Grace Tsai. 2014.
On-line, incremental visual scene understanding for an indoor navigating robot.
Doctoral dissertation, Department of Electrical Engineering and Computer Science, University of Michigan.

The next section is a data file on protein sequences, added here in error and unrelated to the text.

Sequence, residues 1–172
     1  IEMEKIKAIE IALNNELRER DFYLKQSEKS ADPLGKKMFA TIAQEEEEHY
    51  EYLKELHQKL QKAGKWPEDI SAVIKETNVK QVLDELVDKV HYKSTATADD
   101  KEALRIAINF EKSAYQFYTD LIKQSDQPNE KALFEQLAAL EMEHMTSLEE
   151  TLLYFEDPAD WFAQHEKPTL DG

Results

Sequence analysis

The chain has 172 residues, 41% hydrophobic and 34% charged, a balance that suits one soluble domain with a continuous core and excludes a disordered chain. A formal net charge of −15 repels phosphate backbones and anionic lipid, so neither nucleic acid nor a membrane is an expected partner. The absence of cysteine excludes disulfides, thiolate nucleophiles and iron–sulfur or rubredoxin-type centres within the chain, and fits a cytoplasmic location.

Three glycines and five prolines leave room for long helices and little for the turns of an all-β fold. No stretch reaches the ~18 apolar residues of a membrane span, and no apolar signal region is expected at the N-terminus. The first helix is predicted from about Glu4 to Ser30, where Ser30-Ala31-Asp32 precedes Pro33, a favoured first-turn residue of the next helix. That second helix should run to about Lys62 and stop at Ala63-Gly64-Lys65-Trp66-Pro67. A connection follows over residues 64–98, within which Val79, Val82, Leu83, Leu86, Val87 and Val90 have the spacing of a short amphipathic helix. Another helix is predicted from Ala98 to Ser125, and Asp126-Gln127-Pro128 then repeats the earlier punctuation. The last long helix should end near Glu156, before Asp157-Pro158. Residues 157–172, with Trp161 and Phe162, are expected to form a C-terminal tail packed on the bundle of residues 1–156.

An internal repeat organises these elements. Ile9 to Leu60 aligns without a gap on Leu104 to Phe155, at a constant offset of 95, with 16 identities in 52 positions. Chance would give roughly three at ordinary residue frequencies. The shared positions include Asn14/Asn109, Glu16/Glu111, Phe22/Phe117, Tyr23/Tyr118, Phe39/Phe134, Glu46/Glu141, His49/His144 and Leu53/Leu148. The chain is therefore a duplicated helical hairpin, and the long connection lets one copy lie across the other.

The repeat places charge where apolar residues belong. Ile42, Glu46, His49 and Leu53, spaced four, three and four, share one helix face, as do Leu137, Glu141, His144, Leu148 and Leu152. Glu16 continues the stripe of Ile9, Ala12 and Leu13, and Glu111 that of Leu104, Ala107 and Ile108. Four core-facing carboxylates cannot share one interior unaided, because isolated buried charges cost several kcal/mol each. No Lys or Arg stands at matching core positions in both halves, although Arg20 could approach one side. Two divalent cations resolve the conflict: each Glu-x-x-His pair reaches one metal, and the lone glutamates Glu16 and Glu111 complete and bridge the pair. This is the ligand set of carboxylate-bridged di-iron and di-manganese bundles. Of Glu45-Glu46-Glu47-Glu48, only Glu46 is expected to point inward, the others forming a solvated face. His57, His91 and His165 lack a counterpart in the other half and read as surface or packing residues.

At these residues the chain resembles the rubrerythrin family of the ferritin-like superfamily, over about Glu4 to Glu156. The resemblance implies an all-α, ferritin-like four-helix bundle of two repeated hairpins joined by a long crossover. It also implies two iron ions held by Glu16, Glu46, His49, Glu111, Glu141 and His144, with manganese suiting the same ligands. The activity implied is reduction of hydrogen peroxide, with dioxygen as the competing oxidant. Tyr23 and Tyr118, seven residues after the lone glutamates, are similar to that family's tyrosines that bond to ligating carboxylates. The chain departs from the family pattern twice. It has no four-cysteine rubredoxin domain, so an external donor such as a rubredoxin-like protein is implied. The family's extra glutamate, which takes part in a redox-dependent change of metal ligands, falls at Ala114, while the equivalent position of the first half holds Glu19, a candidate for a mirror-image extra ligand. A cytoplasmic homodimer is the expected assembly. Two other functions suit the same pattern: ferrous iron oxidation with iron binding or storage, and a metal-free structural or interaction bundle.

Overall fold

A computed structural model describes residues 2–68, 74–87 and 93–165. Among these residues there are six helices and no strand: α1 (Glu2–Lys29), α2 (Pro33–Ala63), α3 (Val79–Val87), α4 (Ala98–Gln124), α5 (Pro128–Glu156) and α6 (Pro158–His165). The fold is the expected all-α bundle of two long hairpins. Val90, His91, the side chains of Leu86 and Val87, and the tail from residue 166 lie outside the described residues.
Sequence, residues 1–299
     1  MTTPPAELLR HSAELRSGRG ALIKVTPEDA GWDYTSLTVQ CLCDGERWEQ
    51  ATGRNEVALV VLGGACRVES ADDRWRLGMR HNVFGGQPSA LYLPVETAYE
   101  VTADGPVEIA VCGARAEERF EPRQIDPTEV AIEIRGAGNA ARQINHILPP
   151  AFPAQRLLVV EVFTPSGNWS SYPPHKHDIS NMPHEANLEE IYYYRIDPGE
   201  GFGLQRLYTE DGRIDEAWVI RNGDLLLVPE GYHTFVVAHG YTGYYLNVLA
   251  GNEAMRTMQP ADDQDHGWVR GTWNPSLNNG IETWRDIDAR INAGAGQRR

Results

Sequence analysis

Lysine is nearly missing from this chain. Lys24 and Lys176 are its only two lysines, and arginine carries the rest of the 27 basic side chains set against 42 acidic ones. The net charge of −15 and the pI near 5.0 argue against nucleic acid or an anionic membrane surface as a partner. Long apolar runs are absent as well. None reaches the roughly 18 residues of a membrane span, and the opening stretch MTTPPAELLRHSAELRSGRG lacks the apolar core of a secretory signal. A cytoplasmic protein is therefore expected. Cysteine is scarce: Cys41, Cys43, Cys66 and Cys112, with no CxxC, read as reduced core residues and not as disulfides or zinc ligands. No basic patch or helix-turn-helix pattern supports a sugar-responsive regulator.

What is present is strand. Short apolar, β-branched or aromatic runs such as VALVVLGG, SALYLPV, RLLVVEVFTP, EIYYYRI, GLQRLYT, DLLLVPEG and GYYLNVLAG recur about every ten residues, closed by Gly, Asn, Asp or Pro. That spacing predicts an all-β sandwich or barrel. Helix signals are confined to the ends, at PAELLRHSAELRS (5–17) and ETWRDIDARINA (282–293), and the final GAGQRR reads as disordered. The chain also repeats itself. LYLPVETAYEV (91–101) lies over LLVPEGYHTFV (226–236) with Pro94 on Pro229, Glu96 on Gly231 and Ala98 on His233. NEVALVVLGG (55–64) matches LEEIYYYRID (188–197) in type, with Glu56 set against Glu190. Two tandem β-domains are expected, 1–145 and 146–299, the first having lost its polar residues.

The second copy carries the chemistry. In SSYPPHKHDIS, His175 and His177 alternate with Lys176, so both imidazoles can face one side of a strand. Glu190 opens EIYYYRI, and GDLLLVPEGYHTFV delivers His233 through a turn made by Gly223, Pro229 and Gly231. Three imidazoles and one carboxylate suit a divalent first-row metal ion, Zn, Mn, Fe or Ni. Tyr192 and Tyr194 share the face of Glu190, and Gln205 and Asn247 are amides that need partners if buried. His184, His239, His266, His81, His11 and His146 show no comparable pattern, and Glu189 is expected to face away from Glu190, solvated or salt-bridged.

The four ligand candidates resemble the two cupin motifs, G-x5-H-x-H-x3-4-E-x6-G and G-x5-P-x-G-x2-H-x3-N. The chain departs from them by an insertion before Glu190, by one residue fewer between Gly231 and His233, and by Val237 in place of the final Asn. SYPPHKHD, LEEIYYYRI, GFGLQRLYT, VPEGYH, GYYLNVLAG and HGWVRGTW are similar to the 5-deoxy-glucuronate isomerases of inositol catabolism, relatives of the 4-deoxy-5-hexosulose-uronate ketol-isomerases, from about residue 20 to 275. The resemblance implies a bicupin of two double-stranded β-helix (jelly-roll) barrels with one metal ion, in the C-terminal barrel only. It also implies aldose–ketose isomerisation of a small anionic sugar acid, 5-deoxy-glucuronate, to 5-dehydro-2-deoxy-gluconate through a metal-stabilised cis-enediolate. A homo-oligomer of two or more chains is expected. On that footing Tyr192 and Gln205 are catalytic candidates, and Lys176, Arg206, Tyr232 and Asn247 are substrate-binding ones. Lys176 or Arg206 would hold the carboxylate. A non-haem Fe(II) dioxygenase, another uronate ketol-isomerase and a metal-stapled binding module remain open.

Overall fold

An indoor navigating robot must perceive its local environment in order to act. The robot must construct a model that captures critical navigation information from the stream of visual data that it acquires while traveling within the environment. Visual processing must be done on-line and efficiently to keep up with the robot's need. This thesis contributes both representations and algorithms toward solving the problem of modeling the local environment for an indoor navigating robot. Two representations, Planar Semantic Model (PSM) and Action Opportunity Star (AOS), are proposed to capture important navigation information of the local indoor environment. PSM models the geometric structure of the indoor environment in terms of ground plane and walls, and captures rich relationships among the wall segments. AOS is an abstracted representation that reasons about the navigation opportunities at a given pose. Both representations are capable of capturing incomplete knowledge where representations of unknown regions can be incrementally built as observations become available. An on-line generate-and-test framework is presented to construct the PSM from a stream of visual data. The framework includes two key elements, an incremental process of generating structural hypotheses and an on-line hypothesis testing mechanism using a Bayesian filter. Our framework is evaluated in three phases. First, we evaluate the effectiveness of the on-line hypothesis testing mechanism with an initially generated set of hypotheses in simple empty environments. We demonstrate that our method outperforms state-of-the-art methods on geometric reasoning both in terms of accuracy and applicability to a navigating robot. Second, we evaluate the incremental hypothesis generating process and demonstrate the expressive power of our proposed representations. At this phase, we also demonstrate an attention focusing method to efficiently discriminate among the active hypothesized models. Finally, we demonstrate a general metric to test the hypotheses with partial explanations in cluttered environments.